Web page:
Our second-to-last day on the road began with a view of the ocean, because Eureka is where U.S. 101 first reaches the Pacific.
|Beach just north of Arcata|
After a few miles of this sort of gorgeousness, we ducked back into the wooded sort.
Things have changed north of Eureka since the last time I was there ten years ago. They’ve built another new section of U.S. 101, and done another Avenue of the Giants thing with the old section, only the entire old section is within Redwood National Park, so there aren’t any little towns along the way. There is, however, a very nice visitor center. And an elk refuge (we didn’t see any, but after Yellowstone I’m kind of blasé about elk, anyway), and several nice walking trails.
|The elk refuge with redwoods in the background|
Due to Mary’s leg, we only walked one short trail, but we both enjoyed the drive very much. And the visitor center, which had a very nice bookstore where I bought a history of the redwood region, both natural and cultural.
|The “Big Tree,” from a distance because that’s the only way to get anywhere near most of it into a photo.|
|And the sign on the fence that surrounds it. Yeah, that’s a pretty big tree, even if it isn’t very creatively named.|
After we got back up on 101, we drove past the Trees of Mystery, a tourist trap which basically consists of a bunch of warped trees and a very large gift shop (my ex insisted on visiting it when we’d been here on our honeymoon), and over the Klamath River bridge, decorated with two California golden bears on each end:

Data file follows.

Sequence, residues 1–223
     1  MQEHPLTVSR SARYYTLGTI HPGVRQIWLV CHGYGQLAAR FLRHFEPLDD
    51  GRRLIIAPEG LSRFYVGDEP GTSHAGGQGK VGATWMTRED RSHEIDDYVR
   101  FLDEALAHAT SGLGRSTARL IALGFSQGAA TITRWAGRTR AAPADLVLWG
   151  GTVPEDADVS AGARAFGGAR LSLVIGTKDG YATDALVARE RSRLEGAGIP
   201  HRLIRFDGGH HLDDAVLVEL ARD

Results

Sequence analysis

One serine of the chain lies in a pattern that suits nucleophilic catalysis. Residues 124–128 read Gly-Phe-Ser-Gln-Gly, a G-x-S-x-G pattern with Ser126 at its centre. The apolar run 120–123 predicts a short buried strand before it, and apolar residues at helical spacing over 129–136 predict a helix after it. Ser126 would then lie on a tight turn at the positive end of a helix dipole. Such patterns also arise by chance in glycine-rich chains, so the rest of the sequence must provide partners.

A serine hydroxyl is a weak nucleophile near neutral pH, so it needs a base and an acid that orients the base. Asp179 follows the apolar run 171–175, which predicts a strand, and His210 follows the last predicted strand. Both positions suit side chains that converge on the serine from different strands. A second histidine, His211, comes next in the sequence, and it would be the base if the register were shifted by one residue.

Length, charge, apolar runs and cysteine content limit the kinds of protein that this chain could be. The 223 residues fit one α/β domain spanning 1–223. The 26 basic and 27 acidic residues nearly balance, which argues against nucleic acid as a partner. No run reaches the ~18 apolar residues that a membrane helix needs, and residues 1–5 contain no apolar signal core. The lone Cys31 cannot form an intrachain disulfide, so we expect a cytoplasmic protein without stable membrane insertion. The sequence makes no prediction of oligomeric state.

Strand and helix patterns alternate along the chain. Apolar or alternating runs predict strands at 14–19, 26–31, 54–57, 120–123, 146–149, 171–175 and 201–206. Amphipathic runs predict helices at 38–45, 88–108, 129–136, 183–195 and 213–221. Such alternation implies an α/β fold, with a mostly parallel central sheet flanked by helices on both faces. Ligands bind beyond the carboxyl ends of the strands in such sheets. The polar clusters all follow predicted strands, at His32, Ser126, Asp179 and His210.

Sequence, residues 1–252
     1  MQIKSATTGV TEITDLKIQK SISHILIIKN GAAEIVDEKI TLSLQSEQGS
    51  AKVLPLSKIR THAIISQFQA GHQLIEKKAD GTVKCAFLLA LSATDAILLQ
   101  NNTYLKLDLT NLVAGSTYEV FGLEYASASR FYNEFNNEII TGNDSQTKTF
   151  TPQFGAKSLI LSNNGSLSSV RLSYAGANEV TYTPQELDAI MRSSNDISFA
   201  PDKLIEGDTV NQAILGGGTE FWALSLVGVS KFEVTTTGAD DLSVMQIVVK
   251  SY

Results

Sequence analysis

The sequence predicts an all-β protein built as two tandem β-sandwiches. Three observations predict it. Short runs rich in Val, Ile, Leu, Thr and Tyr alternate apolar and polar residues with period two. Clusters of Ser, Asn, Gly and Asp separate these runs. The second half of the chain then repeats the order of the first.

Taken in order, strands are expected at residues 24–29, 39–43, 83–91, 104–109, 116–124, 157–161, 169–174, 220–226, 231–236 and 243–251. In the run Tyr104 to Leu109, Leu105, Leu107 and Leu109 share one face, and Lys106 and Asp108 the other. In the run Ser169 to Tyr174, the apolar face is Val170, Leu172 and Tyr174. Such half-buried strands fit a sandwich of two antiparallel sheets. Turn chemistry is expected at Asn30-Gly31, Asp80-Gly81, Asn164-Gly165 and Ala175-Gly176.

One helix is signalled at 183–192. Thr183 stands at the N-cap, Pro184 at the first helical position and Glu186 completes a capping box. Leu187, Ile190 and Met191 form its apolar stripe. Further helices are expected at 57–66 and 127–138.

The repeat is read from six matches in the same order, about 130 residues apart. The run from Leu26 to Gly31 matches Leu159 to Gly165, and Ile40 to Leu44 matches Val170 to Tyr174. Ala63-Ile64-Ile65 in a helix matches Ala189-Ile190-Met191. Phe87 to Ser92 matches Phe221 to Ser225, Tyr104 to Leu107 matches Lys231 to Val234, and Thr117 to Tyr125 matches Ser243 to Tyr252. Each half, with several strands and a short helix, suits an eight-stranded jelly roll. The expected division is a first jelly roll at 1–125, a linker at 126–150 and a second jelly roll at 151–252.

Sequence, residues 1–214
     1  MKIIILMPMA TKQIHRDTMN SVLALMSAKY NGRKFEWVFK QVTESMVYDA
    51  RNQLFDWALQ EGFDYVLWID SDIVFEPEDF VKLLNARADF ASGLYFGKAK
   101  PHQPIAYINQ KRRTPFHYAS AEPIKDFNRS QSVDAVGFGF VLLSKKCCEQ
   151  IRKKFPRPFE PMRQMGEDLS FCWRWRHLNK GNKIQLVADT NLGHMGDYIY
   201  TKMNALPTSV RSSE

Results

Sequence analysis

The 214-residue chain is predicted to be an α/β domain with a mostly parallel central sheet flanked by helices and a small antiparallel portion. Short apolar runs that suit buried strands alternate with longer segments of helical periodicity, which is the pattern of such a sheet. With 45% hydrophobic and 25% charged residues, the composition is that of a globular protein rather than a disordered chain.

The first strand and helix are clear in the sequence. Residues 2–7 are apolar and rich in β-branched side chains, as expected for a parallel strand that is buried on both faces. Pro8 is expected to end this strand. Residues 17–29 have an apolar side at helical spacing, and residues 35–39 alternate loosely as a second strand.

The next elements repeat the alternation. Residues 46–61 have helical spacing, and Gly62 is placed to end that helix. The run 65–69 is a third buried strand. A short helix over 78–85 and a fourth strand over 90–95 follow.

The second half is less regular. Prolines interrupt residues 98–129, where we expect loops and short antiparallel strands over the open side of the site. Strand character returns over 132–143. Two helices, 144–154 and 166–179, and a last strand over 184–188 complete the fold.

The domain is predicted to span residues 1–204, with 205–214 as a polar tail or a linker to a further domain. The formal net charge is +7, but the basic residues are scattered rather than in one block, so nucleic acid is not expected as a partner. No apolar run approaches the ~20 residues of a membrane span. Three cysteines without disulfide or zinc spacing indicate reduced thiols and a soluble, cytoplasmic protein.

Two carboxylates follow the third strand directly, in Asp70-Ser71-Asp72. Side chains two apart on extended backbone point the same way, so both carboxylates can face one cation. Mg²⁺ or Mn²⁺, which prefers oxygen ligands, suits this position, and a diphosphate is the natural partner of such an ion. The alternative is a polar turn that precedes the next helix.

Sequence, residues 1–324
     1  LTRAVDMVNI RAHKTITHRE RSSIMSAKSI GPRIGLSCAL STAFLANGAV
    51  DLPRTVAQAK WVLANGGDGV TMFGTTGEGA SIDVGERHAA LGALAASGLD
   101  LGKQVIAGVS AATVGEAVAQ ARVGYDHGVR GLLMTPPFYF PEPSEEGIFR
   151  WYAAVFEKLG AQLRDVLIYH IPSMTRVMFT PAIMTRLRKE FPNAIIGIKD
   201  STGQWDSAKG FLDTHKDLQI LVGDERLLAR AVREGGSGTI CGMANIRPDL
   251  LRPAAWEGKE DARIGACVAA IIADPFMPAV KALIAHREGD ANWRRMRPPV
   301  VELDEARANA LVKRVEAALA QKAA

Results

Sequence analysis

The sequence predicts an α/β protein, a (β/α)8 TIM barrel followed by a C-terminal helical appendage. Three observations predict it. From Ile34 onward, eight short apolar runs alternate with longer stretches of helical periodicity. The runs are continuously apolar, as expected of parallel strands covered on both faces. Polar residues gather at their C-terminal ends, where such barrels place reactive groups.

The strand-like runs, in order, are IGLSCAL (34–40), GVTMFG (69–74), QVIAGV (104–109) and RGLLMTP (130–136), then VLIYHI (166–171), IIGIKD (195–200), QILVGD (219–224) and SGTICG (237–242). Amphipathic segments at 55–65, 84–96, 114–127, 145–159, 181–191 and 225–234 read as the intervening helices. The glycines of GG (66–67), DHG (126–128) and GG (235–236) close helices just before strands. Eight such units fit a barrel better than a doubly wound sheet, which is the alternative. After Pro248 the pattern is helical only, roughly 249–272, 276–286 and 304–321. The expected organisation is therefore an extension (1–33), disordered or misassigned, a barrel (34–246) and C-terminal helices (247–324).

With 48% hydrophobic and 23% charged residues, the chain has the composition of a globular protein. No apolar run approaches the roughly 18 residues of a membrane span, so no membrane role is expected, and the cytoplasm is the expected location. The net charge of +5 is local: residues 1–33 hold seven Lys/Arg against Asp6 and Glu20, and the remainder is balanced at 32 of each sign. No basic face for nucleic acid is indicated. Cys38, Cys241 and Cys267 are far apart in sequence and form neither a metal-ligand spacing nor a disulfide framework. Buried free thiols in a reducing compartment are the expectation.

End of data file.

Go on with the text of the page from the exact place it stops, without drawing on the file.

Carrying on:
|I love those bears, and I had completely forgotten about them.|
Then it was on to Crescent City.
|That’s the Crescent City harbor.|
Mary said that she kept doubletaking at the name of the town, because to her New Orleans is the crescent city. We stopped at a park in town to take a photo or two of the town’s lighthouse:
|I don’t know the real name of the lighthouse. I know it isn’t St. George Reef, which is near here but on a rock out in the ocean.|
Then it was across the border into Oregon and up one of the most beautiful coastlines in the world, which is not just my humble opinion. We stopped in Brookings for a quilt shop and lunch, and then enjoyed our way north.
|Somewhere between the Oregon/California border and Coos Bay.|
We finally stopped for the night in Coos Bay, Oregon, about halfway up the coast, first at a Fred Meyer for a few various and sundry things, then at two motels, the second of which met our criteria of a ventilation system that did not involve leaving our windows open onto a busy highway all night.
And that was our second-to-last day on the road.